It is here, I think, that we can start to see the genius of Our Lord’s instruction, one which, as I say, completely takes for granted the mimetic, projective nature of humans and of the fact that it is how we are in relation to others which runs our reason, and not our reason which runs the way we are towards others. He makes it clear throughout the Sermon on the Mount that the only path towards having a non-divided self is by loving our enemies, forgiving those who do us harm, and praying for those who persecute and hate us. And this is because it is only in our relationship with others, “out there”, that we have any access at all to what constitutes us “in here”.

And this seems to be true as a matter of experience as well: as I have prayed for and tried to learn to look on certain people in my own experience with whom I have been locked into what seemed at first glance like righteous hatred, I have found that the veriest glimpse of the tiniest iota of affection towards them produced a huge harvest of self-acceptance and peace within me. I could have prayed for years to be able to forgive myself and not got anywhere at all: it was in being able to let the other go, forgive the other, that I began to be able to forgive myself. It is for this reason that I think that telling people that they need to forgive themselves is to place a terrible burden on them. It is to direct them to fruitless introspection and breast beating, since none of us has direct access to what makes us conscious. The only way to forgive yourself is projectively, which is to say, in another person. As you forgive another, so you will find yourself being let go .....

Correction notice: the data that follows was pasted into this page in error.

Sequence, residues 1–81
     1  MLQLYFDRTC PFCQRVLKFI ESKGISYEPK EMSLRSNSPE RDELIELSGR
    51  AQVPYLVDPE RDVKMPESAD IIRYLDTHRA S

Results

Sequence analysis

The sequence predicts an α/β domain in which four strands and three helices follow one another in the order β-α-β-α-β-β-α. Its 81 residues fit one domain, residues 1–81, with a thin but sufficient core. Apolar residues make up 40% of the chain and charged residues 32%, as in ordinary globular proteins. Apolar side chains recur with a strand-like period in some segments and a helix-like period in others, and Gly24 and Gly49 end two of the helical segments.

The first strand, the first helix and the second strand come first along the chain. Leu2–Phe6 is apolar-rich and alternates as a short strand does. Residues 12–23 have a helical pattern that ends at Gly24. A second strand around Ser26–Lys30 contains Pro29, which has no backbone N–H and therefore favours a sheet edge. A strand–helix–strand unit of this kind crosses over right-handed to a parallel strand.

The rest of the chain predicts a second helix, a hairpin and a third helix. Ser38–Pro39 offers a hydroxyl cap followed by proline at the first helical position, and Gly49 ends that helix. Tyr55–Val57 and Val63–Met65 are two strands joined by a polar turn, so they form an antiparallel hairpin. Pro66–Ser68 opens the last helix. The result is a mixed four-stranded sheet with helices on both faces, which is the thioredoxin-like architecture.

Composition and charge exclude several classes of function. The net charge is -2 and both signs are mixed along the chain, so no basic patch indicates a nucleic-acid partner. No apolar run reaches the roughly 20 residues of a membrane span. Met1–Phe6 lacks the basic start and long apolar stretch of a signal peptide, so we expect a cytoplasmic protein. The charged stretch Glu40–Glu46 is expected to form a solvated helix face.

If we want to come to know what really is true about our world, then we will have to learn to have our knowledge set free from being forged in hatred. That, it seems to me, is the basic framework for what, at the publicly expressed invitation of Pope Benedict, my Church is now proposing to study seriously: how to talk about a natural law which is universal in scope and true independently of those who hold it. I suspect that as we grow in our discovery of how mirror neurons work, the phrase “love your enemies and pray for those who persecute you” may turn out to be closer to the founding principle of that natural law than any of us had any right to expect.



Blogger Paul said...

Yes, I always found those lines far more meaningful in their complete context. It seems to me like they're saying something like: Just be. Or maybe, to mix verses, "Don't hide your lamp under a bushel under any conditions."

Of course it's easier said than done, but to me that's one of the major functions of religion at its best - pointing in the right direction.

2:28 PM  
Blogger crystal said...

Hi Paul,

yeah, now if only they could figure out which direction is the right one :-)

3:50 PM  
Anonymous Anonymous said...

So often your posts make me take a hard look at myself and to seek to know God more deeply. Thank you!

10:16 PM  
Blogger crystal said...

Hi Dyan,

It's not me - it's the guys whose stuff I post :-)

11:20 AM  
Anonymous Anonymous said...

But I wouldn't know where to find it if it weren't for you ;) Let's give the glory to God and count ourselves blessed to serve Him!

7:05 PM